Published: June 25 2010 03:00 | Last updated: June 25 2010 03:00
Sweeping changes to the US oil industry watchdog, outlined yesterday, could see its top employees being banned from working for oil companies for life and drilling operators paying a fee to fund more inspections.
Even as it takes on a new name and head, the agency, previously known as the Minerals Management Service, now the Bureau of Ocean Energy Management, Regulation and Enforcement, came in for renewed scrutiny yesterday during a hearing of the Senate's energy and natural resources committee, which oversees it.
"If we do this right, it is my hope that we can see tangible results on all fronts, and a shift away from the cascade of failures that led to the Deepwater Horizon accident and towards work of the highest quality," said Jeff Bingaman, Democratic chairman of the committee.
The bill would levy an as yet unspecified fee on the industry so that the agency could hire more and better-qualified inspectors to oversee rig operations.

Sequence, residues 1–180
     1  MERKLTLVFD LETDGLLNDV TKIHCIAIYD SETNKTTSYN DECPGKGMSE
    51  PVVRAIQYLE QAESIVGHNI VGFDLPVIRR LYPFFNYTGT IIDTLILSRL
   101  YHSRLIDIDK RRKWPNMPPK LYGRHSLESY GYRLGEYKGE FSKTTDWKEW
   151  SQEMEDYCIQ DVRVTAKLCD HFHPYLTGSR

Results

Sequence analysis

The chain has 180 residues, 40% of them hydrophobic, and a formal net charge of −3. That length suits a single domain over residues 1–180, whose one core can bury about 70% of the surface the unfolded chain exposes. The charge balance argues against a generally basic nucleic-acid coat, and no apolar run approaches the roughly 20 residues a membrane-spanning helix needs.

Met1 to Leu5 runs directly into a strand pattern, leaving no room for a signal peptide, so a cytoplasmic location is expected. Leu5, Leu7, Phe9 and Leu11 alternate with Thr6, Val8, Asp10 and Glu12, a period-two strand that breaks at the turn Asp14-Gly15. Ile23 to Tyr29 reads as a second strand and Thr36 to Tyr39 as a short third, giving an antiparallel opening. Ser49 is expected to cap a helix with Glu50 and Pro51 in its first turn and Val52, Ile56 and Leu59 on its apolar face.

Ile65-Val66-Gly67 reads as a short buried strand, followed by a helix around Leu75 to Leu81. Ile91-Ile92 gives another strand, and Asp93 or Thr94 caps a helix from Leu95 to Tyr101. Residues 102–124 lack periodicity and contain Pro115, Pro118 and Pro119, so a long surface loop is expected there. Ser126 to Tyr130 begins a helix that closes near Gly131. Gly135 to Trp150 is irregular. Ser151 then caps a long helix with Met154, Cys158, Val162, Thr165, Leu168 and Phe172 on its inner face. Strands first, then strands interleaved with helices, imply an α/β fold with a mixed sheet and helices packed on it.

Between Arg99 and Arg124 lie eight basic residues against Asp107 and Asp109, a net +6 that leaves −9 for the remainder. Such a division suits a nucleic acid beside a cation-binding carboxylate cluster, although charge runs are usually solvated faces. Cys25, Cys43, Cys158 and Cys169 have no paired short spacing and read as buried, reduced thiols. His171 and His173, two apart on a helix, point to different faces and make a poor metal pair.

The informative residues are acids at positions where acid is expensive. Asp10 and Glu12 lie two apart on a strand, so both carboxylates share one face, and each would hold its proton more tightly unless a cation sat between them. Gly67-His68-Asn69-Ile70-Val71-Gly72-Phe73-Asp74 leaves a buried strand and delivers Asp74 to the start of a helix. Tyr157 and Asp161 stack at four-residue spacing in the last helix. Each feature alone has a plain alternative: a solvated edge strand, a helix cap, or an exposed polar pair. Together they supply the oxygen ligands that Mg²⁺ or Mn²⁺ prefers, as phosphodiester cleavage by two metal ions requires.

Ken Salazar, secretary of the interior, whose department includes the watchdog, told the committee that the agency needed to hire an additional 330 inspectors to be able to meet the increased need to inspect drilling rigs and to conduct environmental reviews of drilling plans.
Mr Salazar said the number of inspectors working in the agency - at 62 - was "extraordinarily and woefully inadequate".
The bill would increase the requirements for operators to cover the damages they may cause and raise the levels of civil and criminal fines payable.
It will also make every offshore operator provide risk assessments and detailed plans for responding to loss of well control and clean-up operations.
Lease sales will be limited to operators who have fully met safety, environmental and due diligence responsibilities on current operations, and which have paid all damages caused in any prior accidents.
*The federal judge who overturned the Obama administration's ban on deepwater drilling yesterday dealt another blow to the White House, rejecting its application to put a hold on his decision.